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October is Physical Therapy Month

Information for this article was taken from the American Physical Therapy Association (APTA) website.
Part of being a physical therapist is helping to increase overall wellness in our community. October is National Physical Therapy month, which brings awareness to the benefits of physical therapy. Here are some of the goals the American Physical Therapy Association (APTA) would like to accomplish during this month.

One goal of the APTA is to raise awareness to the opioid epidemic. Americans continue to be prescribed and to abuse opioids at alarming rates. This October, the APTA will carry on raising awareness of physical therapy as a safe and effective alternative to opioids for the long-term treatment of chronic pain via the #ChoosePT campaign. There is a plethora of information on this webpage to help Americans deal with chronic pain outside of taking medications. One of the quotes includes “don't just mask the pain, treat it.”

•The increase in prescription opioid use is unmistakable.
According to the CDC, in 2012 health care providers wrote 259 million prescriptions for opioid pain medication, enough for every American adult to have their own bottle of pills.

•The risk for misusing prescription opioids is real.
According to the CDC, every day, over 1,000 people are treated in emergency departments for misusing prescription opioids.

•The risk for addiction is real.
According to the CDC, as many as 1 in 4 people who receive prescription opioids long-term for non-cancer pain in primary care settings struggles with addiction.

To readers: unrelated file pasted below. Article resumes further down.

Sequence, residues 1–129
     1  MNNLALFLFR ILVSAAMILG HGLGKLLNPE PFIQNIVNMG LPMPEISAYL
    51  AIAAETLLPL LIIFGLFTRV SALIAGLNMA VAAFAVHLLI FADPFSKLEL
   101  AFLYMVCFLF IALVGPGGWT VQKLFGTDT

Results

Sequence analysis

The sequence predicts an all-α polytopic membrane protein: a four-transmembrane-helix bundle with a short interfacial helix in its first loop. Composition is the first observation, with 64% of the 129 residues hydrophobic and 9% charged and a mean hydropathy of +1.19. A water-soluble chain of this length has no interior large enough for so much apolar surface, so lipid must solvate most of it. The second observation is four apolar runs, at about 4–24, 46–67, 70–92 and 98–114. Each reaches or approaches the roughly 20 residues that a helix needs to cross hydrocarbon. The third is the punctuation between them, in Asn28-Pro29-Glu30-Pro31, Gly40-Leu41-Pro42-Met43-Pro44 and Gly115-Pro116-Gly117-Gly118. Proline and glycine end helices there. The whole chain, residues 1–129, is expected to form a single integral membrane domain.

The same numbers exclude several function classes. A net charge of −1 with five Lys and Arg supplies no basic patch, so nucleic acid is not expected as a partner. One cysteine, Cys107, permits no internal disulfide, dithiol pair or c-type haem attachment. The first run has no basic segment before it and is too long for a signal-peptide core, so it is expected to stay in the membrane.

•The risk for heroin use is real.
According to the CDC, among new heroin users, about 3 out of 4 report abusing prescription opioids before using heroin.

•Physical therapy is a safe and effective alternative to opioids for long-term pain management.
In March 2016, the CDC released guidelines urging non-opioid approaches for the management of chronic pain.

•There are some situations in which opioid therapy is appropriate.
The CDC guidelines indicate that opioids may be appropriate for situations including cancer treatment, palliative care, end-of-life care, and certain acute care situations. Still, the CDC guidelines also suggest pairing opioid therapy with non-opioid therapy, and their prescriber checklist recommends trying non-opioid therapy first.

•Patients have a choice about the kind of treatment they receive.
Before accepting a prescription for opioids, patients should talk to their health care providers about related risks and safer alternatives.

The second goal is to participate in a service project in the area. Our clinic provided the opportunity to participate in a 1 mile or 5K run/walk in August in order to increase overall fitness for the community of Tecumseh. We will continue to participate in community projects as the opportunity arises.

In summary, physical therapy has been proven to a safe alternative to opioids in certain situations. Contact your local physician to discuss your options.

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